I asked Tom Mighell (@tommighell) a while back whether there were so many new blogs that a new blog really could not grab much attention with other law-related bloggers from the start. Jordan Furlong’s explosive debut of the brilliant Law 21 blog (recent post) shows that you can still command a lot of attention with the launch of a new blog. Jordan is a gifted writer, an incisive thinker, and has a winning approach. The topic of Law 21 is law practice management and the legal profession, with a firm eye on the future and sharp on current practices. Simply put, it’s a must read and one of my favorite blogs.
Runner-up – Tie: Mary Abraham’s Above and Beyond KM (Knowledge management is a big interest of mine and I’ve noticed that I’m constantly impressed and informed by Mary’s posts – check it out) and 3 Geeks and the Law (almost by definition, I’m a fan of anything Toby Brown is involved in, but this new group blog has caught my eye with its insightful posts and attitude). On the topic of new blawgs, don’t forget about the new Lawyers Guide to Collaboration blog Tom Mighell and I started earlier this year as a companion site to our book (and its companion microblog at @collabtools).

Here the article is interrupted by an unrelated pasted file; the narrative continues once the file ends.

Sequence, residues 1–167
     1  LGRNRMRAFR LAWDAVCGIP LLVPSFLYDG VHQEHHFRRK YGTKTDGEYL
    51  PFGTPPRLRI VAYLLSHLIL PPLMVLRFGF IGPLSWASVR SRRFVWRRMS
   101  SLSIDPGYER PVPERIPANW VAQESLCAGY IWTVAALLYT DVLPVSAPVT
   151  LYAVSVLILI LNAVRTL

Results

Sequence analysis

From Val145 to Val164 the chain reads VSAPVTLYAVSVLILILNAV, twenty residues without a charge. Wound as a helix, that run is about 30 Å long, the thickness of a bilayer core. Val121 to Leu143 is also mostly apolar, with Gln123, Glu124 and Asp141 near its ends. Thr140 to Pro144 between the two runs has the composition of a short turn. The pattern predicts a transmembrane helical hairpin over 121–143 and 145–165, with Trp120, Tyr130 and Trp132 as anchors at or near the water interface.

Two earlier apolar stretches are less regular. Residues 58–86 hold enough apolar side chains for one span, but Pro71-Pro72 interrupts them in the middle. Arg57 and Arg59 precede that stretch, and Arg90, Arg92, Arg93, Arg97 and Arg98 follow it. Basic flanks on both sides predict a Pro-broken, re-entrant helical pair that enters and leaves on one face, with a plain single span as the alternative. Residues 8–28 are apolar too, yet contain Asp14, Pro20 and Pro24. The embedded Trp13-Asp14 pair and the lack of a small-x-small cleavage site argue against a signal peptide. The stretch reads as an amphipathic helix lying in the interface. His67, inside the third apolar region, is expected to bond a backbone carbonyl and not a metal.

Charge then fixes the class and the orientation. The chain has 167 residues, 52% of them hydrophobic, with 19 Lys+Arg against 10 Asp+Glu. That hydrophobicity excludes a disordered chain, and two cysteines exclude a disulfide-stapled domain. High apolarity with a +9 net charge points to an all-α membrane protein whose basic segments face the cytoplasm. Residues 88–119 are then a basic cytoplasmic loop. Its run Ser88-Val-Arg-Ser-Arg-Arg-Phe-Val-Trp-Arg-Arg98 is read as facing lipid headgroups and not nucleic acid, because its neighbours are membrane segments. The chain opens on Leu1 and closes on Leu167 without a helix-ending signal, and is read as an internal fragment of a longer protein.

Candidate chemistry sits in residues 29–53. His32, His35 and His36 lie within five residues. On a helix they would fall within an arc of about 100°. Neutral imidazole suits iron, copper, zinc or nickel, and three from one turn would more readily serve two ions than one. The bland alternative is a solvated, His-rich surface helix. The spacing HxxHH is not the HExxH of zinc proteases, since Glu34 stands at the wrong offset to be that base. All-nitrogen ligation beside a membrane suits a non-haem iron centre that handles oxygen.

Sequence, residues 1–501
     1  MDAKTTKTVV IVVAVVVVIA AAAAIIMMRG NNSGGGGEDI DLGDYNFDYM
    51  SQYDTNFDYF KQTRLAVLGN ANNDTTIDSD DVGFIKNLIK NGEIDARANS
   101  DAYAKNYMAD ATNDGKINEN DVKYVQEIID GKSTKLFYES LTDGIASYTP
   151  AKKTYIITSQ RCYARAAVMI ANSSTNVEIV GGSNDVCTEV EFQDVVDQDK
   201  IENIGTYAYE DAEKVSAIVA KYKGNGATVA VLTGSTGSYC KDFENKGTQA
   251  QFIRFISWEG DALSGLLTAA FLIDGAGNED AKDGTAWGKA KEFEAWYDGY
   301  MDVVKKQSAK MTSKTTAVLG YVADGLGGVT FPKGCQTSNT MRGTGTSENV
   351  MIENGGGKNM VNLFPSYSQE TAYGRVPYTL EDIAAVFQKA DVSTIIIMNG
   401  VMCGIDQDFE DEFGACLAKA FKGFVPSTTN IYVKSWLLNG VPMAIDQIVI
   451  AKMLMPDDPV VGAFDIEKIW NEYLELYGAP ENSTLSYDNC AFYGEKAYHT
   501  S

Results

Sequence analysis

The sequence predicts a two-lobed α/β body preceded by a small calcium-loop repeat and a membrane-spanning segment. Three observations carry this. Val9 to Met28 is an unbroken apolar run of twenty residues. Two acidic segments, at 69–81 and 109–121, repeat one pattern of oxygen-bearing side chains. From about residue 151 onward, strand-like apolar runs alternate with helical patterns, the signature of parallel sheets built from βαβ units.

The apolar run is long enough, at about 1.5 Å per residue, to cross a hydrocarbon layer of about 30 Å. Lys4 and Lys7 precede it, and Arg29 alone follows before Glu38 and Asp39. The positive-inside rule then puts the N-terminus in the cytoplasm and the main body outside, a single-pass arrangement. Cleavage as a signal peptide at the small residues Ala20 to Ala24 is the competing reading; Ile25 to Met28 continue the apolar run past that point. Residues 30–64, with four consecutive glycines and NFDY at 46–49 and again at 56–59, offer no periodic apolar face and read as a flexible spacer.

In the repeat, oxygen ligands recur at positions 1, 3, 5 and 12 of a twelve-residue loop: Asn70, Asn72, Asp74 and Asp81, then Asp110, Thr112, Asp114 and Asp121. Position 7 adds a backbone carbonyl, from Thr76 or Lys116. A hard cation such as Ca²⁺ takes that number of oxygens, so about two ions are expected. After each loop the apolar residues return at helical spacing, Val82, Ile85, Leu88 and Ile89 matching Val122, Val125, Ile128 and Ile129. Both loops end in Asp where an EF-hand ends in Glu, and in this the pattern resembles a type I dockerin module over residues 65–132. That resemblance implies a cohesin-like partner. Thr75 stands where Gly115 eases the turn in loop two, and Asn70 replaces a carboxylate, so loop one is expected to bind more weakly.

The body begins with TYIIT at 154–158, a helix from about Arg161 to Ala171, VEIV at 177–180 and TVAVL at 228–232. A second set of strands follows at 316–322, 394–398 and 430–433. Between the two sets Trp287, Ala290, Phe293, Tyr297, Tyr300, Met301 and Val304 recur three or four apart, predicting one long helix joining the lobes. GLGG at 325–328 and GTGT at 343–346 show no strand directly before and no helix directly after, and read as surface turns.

11. The DennisKennedy.Blog Best Legal Technology Blog – Futurelawyer
I’ve had an annual tradition of giving my own blog the Blawggie award for legal technology blog, in part because of the tendency for attribution on a list like this to disappear when the list gets reposted on the Internet, but also for other reasons I’ve explained before. While I’ve done some cool things on my blog this year, like DennisKennedy.Microblog, it’s time to end the tradition and, instead, simply name the award after my blog so a mention and link will stay in the list. This award is difficult because every legal technology blog is excellent in its own way. This year, however, Rick Georges’ Futurelawyer (recent post) is the clear winner. I appreciate the “everydayness” of his posts and the nuggets of information, reviews and insights he posts on a regular basis. I might not agree with all of Rick’s conclusions, but I’m always interested in how he gets there. I learn a lot and keep up-to-date with this blog. A must-read.
Runner-upRon Friedmann’s Strategic Legal Technology (Ron and I have similar perspectives on legal technology and his blog covers the strategy of legal technology very well, with an emphasis on legal process outsourcing).
12. Most Important Trend in Law-related Blogging – Microblogging
In simplest terms, microblogging refers to the use of Twitter as a vehicle to publish content that might have otherwise gone into a blog post. The trick, however, is that a post of Twitter (known as a “tweet”) is limited to 140 characters. As a result, microblogging consists of quick insights, short observations and pointers to links. There are also community and communications aspects to Twitter/microblogging that are somewhat different than what you get with blogging and comments. I’m intrigued by the way bloggers with very focused niche blogs use Twitter as a vehicle for more personal or “off-topic” posting. Very interesting indeed.